Also REALLY recommend a look at the Elliot Map if anyone's missed it- tough to see but worth it. Anyone with a relative either buried in the National Cemetery OR whose relative died at Gettysburg and is now In Richmond or elsewhere in the South, might find an idea of where they were originally buried.

https://www.loc.gov/item/99447501/
 

A. Roy

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Names of men who were notable or were these graves found and marked by Doc O'Neil during the battle and the days afterwards? Did he insist they be included? For all the " I " and " t " why are these men's grave made notes of? Just a question, it's baffling, that's all. Like I said, long way around to get to the question but it's frequently tough when there's SO much behind the question, you know?

I've been looking at this map in connection with research into the unknowns of Iverson's Brigade from Gettysburg. I had noticed that some names were noted on the Elliott map, but hadn't really thought about why that would be. If Elliott was working from previous surveys, he might have just transcribed names that others had noted on their maps. Some are noted as officers, but not all.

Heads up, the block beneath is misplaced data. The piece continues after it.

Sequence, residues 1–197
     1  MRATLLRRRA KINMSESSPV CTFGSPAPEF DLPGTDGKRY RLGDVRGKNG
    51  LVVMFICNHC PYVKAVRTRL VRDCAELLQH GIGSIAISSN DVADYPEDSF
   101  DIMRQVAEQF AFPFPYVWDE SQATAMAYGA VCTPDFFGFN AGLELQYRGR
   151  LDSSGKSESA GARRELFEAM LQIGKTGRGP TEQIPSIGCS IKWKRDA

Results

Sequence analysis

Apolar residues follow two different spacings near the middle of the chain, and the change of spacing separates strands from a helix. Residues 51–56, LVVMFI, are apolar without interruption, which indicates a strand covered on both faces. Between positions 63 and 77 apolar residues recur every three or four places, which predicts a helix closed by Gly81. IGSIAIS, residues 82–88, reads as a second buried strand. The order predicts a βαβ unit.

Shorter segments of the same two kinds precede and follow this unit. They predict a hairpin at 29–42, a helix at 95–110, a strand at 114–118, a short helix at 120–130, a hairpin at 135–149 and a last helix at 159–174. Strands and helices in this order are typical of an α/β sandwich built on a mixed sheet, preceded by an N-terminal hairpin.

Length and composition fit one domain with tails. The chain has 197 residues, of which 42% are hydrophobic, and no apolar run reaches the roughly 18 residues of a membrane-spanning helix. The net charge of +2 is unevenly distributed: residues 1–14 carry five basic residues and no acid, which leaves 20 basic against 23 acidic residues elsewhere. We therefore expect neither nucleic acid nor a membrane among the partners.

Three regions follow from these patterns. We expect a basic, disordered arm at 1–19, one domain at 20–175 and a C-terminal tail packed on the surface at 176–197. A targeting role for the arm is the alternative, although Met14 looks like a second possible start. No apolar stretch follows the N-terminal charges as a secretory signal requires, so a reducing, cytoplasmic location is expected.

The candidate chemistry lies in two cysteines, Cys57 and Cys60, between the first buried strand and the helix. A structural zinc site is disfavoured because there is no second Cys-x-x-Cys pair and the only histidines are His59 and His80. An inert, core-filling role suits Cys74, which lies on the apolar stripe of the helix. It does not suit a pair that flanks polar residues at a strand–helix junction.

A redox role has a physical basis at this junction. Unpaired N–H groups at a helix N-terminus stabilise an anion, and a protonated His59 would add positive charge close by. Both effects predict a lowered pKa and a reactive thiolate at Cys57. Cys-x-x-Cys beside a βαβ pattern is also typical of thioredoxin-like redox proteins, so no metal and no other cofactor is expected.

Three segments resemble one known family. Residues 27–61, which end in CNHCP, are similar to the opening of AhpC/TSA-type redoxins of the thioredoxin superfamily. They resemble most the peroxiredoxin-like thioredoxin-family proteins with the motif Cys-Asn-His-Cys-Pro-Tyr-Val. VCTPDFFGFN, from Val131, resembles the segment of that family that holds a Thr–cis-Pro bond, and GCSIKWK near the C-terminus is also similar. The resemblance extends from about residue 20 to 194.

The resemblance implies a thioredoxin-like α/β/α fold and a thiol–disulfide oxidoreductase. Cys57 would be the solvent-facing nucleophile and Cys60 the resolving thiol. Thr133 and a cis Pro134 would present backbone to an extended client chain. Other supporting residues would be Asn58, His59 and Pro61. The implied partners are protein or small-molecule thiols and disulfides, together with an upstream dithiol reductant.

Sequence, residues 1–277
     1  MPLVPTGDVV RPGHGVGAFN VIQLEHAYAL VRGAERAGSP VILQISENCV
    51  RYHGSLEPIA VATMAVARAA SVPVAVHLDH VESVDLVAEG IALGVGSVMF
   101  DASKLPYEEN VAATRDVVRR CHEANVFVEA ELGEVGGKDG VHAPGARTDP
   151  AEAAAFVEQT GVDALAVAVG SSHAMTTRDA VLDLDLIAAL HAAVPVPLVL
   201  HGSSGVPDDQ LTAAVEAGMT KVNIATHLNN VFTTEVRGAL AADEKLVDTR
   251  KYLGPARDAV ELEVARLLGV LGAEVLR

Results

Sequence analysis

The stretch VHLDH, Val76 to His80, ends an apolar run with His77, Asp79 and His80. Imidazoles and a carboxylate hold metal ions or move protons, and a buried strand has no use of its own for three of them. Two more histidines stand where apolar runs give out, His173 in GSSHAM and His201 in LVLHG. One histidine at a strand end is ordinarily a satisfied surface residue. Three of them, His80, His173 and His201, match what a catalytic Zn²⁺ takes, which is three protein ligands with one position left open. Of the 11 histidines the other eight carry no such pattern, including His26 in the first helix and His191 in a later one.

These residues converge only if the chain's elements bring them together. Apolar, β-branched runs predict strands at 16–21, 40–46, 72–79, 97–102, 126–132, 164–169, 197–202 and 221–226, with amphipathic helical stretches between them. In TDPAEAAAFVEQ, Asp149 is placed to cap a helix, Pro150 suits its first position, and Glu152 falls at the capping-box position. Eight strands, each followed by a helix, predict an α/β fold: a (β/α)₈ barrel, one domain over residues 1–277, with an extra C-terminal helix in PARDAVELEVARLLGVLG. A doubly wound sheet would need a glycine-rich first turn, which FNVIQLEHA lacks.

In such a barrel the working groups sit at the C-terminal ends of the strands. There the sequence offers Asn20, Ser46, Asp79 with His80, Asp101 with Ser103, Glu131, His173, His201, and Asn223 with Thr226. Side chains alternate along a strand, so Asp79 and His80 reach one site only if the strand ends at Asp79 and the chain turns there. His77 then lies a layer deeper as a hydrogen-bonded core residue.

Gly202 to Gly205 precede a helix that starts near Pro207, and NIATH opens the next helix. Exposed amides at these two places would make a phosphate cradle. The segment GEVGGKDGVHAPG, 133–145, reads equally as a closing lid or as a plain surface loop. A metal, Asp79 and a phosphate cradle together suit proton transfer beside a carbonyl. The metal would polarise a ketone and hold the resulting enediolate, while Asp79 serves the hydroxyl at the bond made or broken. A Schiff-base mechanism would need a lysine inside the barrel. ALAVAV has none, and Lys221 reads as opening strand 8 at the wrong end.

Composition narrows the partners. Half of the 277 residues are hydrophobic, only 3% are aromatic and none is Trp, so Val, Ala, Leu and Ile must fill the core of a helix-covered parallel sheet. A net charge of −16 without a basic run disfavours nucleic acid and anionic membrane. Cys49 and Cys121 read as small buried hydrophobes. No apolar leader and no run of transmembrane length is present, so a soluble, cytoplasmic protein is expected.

One example on the segments you show here is "W.R. Butley, Co.H 4Ga.," which seems to correspond to William R. Butler of that same company, KIA on 1 July 1863. If this is the same person, he was a corporal, although that's not noted on the map. (Source: Krick and Ferguson, Gettysburg's Confederate Dead)

I understand that in the case of field burials, comrades sometimes placed a wooden marker with the soldier's name on it. So maybe these named burials were based on markers that remained on the field after the battle.

As far as the horses, that's an interesting question! I wonder whether this was done to save disinterment crews the trouble of digging up dead horses...

Roy B.
 

A. Roy

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John S. Carter

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View attachment 369409
One of the most horrifically stark portions of S.G. Elliott's 1864 map of Gettysburg's aftermath. All the IIIIIII's? Not shading by an artist, they're " rebel " graves on the battlefiels. ttttttt, would be Union graves.